Marcel Schmidt would rather not bother with printers and copiers. "My aim is to complete my studies without using paper. So far it's going very well." He is in his third semester of a degree in Business Computing and Information Systems at Landshut University of Applied Sciences. His fellow students work with laptops or pen and paper during lectures; there's a wide variety of preferences. "In classes I write on my Surface," says Melanie Wanzke, an Electrical Engineering and Information Technology student. But when she is studying for exams, she prefers to write on paper.??
What does a course look like that caters equally to digital all-rounders and traditional library learners? It's known as "blended learning". "The idea is to combine traditional face-to-face teaching such as lectures and seminars with interactive online-courses," explains Professor Dr. Petra Tippmann-Krayer, Vice President Academic Affairs at Landshut University of Applied Sciences. "Our teaching has to be interesting and grab our students' attention, but the content should not be reduced in the process." What teaching should look like in future was discussed by every lecturer at Landshut University of Applied Sciences during the "Teaching Day" on 6th December. ?
Brain adapts to information tsunami
?The technical requirements for digital teaching are already in place, for example in the form of the online learning platform, Moodle. Lecturers can use it to make lecture notes and assignments available. "But it is also possible to offer tests with which the students can check for themselves if they have understood the content of a lecture," explains Dorothee Huth, who oversees the platform. On the Teaching Day, lecturers also presented other approaches, for example from the Faculty of Electrical and Industrial Engineering. Students pursuing studies in Software Engineering also deal with information technology. But learning a programming language through lecture-style instruction is difficult. For this reason their lecturers have developed an online quiz that looks at the details and pitfalls of a language. It is intended to help the students to monitor their own progress. The experience gained is gathered together in a best practice pool and tutors can further develop the concept - including from other Bavarian universities.??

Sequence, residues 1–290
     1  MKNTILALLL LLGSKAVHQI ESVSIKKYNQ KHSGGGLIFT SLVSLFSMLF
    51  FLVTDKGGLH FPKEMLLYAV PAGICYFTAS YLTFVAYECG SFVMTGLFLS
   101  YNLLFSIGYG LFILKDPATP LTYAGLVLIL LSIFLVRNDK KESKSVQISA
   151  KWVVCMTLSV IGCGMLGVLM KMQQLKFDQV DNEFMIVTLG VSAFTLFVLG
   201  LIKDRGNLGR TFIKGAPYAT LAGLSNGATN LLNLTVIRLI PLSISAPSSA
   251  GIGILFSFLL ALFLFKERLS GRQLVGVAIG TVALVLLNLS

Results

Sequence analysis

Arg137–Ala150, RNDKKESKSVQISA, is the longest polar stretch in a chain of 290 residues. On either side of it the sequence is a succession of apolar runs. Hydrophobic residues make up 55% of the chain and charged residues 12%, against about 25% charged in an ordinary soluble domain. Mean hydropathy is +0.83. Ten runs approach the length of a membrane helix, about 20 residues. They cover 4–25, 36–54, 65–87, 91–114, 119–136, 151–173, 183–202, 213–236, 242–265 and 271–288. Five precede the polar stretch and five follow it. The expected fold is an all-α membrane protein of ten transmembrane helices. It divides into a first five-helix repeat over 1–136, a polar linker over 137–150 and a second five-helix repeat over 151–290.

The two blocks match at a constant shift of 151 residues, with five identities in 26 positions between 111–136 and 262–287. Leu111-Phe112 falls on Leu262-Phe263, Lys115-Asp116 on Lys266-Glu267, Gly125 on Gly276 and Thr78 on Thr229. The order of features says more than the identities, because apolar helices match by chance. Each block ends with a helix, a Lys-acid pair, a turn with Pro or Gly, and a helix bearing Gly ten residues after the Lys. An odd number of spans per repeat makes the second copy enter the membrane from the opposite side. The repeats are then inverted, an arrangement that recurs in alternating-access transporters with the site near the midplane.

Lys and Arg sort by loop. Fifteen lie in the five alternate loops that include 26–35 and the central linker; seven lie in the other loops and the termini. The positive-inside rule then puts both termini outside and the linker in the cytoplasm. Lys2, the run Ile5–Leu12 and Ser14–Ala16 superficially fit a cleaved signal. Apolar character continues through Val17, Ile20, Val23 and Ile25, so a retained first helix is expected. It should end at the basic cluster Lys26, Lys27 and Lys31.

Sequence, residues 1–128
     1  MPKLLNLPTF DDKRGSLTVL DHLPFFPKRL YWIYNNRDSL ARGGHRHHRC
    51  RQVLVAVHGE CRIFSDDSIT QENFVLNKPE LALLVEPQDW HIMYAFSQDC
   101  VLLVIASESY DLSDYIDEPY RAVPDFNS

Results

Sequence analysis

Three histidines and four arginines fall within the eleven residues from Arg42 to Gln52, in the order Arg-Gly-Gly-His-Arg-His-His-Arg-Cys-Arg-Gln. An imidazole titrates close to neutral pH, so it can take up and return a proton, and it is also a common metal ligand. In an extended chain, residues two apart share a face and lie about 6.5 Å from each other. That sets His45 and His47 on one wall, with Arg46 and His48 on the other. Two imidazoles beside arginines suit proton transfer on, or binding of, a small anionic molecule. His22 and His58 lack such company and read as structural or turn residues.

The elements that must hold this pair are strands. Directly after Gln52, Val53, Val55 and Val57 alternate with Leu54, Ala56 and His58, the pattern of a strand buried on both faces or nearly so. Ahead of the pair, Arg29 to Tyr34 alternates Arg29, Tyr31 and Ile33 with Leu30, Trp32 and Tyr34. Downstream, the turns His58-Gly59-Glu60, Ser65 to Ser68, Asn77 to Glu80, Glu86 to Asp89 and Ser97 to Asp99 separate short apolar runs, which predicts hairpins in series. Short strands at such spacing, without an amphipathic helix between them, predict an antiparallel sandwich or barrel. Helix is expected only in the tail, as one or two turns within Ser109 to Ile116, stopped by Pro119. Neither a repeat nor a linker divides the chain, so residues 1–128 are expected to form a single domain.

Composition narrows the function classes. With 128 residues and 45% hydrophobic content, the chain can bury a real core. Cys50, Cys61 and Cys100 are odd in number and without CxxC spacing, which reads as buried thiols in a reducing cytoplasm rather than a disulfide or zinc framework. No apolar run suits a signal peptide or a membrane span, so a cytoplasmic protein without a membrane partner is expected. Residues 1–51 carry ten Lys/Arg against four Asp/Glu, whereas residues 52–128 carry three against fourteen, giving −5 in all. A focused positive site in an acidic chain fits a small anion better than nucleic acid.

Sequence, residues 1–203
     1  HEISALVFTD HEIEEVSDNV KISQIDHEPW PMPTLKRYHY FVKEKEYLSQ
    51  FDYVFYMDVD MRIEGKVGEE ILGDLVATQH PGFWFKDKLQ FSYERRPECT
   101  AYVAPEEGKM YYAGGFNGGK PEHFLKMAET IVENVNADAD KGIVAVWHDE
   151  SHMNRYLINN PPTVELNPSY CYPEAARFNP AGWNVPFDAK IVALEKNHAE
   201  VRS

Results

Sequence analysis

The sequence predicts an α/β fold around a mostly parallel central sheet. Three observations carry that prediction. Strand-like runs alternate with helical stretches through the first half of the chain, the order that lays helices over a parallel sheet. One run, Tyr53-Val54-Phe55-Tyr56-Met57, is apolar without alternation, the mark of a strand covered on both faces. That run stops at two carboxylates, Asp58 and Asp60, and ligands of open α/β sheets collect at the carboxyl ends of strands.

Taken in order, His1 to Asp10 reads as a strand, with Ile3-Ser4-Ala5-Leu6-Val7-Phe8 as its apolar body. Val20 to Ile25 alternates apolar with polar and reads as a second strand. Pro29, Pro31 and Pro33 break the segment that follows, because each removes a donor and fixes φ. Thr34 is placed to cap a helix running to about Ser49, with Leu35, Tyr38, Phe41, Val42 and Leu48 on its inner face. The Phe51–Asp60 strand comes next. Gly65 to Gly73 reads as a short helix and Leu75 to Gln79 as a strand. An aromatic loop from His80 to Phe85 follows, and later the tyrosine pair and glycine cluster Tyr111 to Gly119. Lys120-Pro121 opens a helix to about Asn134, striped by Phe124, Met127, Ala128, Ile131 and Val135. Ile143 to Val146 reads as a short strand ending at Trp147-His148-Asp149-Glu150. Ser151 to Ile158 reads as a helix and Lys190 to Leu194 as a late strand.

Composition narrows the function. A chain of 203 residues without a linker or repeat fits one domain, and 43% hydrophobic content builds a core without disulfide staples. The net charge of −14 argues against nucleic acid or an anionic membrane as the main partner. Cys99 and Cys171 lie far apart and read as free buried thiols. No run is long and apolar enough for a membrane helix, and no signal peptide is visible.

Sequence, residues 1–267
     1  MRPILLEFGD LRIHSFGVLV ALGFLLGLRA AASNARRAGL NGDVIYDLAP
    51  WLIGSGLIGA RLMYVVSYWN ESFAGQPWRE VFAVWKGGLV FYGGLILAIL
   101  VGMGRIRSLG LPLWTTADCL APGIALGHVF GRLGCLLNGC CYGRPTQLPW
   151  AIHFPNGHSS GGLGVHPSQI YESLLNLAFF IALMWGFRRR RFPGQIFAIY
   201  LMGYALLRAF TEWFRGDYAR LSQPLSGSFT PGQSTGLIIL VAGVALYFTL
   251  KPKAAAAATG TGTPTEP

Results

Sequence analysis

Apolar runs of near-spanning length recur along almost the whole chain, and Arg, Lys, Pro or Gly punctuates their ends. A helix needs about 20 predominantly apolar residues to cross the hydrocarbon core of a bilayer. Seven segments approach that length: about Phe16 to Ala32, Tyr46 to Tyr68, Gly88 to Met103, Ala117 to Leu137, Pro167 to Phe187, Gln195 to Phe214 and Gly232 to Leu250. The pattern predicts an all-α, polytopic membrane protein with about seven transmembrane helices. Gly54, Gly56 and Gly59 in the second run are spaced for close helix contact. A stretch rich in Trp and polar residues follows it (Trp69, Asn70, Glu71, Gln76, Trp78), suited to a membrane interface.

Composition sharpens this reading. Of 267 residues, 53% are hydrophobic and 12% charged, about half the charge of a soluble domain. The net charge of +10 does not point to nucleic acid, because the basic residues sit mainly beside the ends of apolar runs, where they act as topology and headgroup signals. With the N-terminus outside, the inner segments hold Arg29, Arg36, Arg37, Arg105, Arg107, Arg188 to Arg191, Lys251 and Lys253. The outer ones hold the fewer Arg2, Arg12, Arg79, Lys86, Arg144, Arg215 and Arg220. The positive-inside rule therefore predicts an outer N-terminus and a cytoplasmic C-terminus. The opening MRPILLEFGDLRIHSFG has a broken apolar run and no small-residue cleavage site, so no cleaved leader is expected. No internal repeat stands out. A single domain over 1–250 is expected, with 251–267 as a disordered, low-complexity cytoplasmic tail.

The members of so-called Generations Y and Z, in other words those born after 1980, are faced with a wide variety of media every day. With quick fingers they switch between WhatsApp, Instagram and news sites on their smart phones and tablets. "Their brains have become used to dealing with this tsunami of information," said Dr. Thomas Schutz. In his lecture, the educational therapist at Munich University of Applied Sciences presented possible ways in which lecturers could make learning easier for their students. Traditional lectures, for example, quickly become boring if you are attuned to quickly processing lots of different stimuli. Variety is the key. Examples of how this can be achieved include fun elements such as a quick quiz, survey or simulation game - preferably digitally via smart phone. To ensure that lectures offer a good blend of digital and analogue, the media literacy needs to go two ways: "Lecturers have to familiarise themselves with digital media and use it proficiently - and in return students also need to learn to get to grips with paper and other conventional teaching methods," said Schutz.
More media literacy for lecturers and students
?Whilst smart phones can be very useful for looking up terms and viewing explanatory video clips, they can also quickly distract from the original task. According to Schutz, "Students have to understand which media will distract them from learning. They need help to do this. In Tippmann-Krayer's view "Media literacy, methodological competence and learning skills should be fostered during classes".?
?She summed up by saying: "At Landshut University of Applied Sciences we do make use of many blended learning elements. This is well received by the students, who would like more." Teaching therefore needs to constantly evolve, and a specially established working group is looking at ways of continuing to improve quality. "For us it is important that the personal and intensive support from lecturers does not in any way suffer in the process."